Both oil contracts have now more than made up the 10% decline suffered in May. In June, oil prices rebounded a modest 4% before rising around 8% so far in July. The momentum is clearly to the upside, states Fawad Razaqzada of Trading Candles.

Oil prices have risen this week alongside other risk assets, with US stock indices repeatedly hitting new highs for the year. The narrative that the Federal Reserve is winning the fight against inflation got a boost as both CPI and PPI came in weaker than expected this week, leading to a fresh rally for stocks, oil, bonds, and foreign currencies. The fact that the Dollar Index fell below 100.00, has helped to boost the prices of all buck-denominated assets, including crude oil, gold, silver, and copper.

It looks like investor concerns about demand have also been reduced somewhat, despite the prospects of even higher interest rates in the US, UK, and Eurozone. That said, the market is confident that the peak has almost been reached and that inflationary pressures should begin to fall in Europe given the strength of the euro and especially the pound. A stronger exchange rate of course helps to offset import costs.

Cuts Point To Tight Market

Retail sales aside, the economic calendar is void of any major US data next week, which should allow the dollar to potentially make a small recovery after a bruising week. This may also prevent buck-denominated oil prices from rising significantly further. A bit of consolidation should be expected, although that’s not to say oil will not resume higher again. There will be lots of company earnings, though, that could drive market sentiment until central banks are in focus again the following week.

For oil, the most important event next week is likely to be the data dump from China on Monday. The world’s second-largest economy has not been doing very well lately, which explains why the Chinese stock markets and yuan have been among the weakest in their respective fields. We will find out exactly how China performed in Q2 after output had expanded by an above-forecast 4.5% in Q1 compared to the same period in 2022. We will also have the latest retail sales and industrial production figures released at the same time.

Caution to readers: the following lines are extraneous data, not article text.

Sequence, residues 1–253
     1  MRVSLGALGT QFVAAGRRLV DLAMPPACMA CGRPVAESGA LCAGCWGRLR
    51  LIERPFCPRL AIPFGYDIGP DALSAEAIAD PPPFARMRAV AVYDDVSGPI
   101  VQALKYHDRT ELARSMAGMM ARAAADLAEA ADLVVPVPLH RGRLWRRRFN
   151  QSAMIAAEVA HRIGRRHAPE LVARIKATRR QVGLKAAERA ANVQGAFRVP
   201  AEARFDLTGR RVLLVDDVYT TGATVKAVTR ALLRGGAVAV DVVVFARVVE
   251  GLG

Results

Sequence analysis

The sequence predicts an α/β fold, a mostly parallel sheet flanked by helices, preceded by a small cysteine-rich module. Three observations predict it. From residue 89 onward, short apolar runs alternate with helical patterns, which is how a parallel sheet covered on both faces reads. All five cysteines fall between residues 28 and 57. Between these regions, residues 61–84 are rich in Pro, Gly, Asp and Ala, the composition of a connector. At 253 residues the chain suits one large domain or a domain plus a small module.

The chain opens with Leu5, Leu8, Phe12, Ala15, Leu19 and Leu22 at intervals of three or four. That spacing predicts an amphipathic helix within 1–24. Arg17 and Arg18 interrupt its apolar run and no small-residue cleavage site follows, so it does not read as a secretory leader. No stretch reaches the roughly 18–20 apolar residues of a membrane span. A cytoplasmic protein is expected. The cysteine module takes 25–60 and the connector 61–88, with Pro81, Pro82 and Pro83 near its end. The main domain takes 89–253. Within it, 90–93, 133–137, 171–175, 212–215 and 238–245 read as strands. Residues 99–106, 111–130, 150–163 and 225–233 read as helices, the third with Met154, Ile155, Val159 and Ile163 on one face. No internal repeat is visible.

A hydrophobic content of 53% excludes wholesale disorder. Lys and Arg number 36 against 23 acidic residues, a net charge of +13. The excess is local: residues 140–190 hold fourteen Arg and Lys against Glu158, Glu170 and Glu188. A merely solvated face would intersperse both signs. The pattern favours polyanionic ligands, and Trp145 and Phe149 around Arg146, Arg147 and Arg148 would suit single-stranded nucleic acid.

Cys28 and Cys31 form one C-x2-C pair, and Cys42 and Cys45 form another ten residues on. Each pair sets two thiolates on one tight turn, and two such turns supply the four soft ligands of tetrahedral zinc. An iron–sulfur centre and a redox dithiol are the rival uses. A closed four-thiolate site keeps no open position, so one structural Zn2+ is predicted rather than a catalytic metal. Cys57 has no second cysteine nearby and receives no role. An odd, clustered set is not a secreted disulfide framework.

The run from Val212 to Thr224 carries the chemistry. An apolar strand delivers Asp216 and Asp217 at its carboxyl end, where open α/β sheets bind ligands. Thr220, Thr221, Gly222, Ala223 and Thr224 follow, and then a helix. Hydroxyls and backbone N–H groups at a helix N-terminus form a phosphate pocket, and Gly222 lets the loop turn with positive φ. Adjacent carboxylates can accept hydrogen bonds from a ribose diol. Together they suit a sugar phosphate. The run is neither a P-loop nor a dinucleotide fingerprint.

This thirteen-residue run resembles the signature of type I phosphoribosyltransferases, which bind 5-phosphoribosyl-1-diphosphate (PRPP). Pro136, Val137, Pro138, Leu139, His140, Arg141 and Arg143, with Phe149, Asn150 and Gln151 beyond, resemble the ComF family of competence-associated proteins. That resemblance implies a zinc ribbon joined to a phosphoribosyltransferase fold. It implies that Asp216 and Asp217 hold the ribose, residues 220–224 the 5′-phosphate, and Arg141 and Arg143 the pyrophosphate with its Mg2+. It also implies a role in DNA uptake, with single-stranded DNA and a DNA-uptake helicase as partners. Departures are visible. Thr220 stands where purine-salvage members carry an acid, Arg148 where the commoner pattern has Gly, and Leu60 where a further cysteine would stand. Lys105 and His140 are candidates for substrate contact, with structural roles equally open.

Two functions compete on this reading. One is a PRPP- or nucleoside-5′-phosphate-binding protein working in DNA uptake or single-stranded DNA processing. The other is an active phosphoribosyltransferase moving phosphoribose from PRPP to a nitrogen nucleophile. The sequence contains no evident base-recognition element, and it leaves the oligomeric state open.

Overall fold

If we see signs that China is still struggling, then that could hurt oil prices a little as demand concerns come to the forefront. Otherwise, the weaker dollar story and expectations that the oil market will tighten further should keep a floor under prices.

OPEC+ Cuts Point To Tight Market

Indeed, the biggest factor supporting crude oil is no doubt the ongoing supply cuts from OPEC+ and voluntary cuts made by several members to help tighten the market, including Saudi. The cuts mean supply could tighten significantly as we head deeper in the second half of 2023 if members continue to comply.

Crude Oil Outlook: Technical Analysis

At these levels, there are not many obvious resistance levels to consider, with Brent having surpassed $80 and WTI taking out $75. So, any short-term weakness we observe may well be due to profit-taking on long positions than short selling. The next big level for Brent is around $82ish and $77ish for WTI—these levels mark the 200-day moving average.

WTI has tested this level today and reacted by falling a little:

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It might not be a bad thing if prices now consolidate below the 200-day average for a few days, to regain some energy and then break higher. Key support is now seen at around $75.00 on WTI, the base of this week’s breakout. For as long as the price holds around that level, give or take $1, the bulls will remain happy.

Looking at the weekly chart, we can see that WTI has broken out of a long-term bear channel after holding a major support zone in the last couple of months around $65ish.

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This is potentially a major technical development, suggesting that prices want to push higher again. From here, $80 could be the next target, but there’s no reason why oil prices cannot go even higher—for as long as the demand concerns do not resurface.

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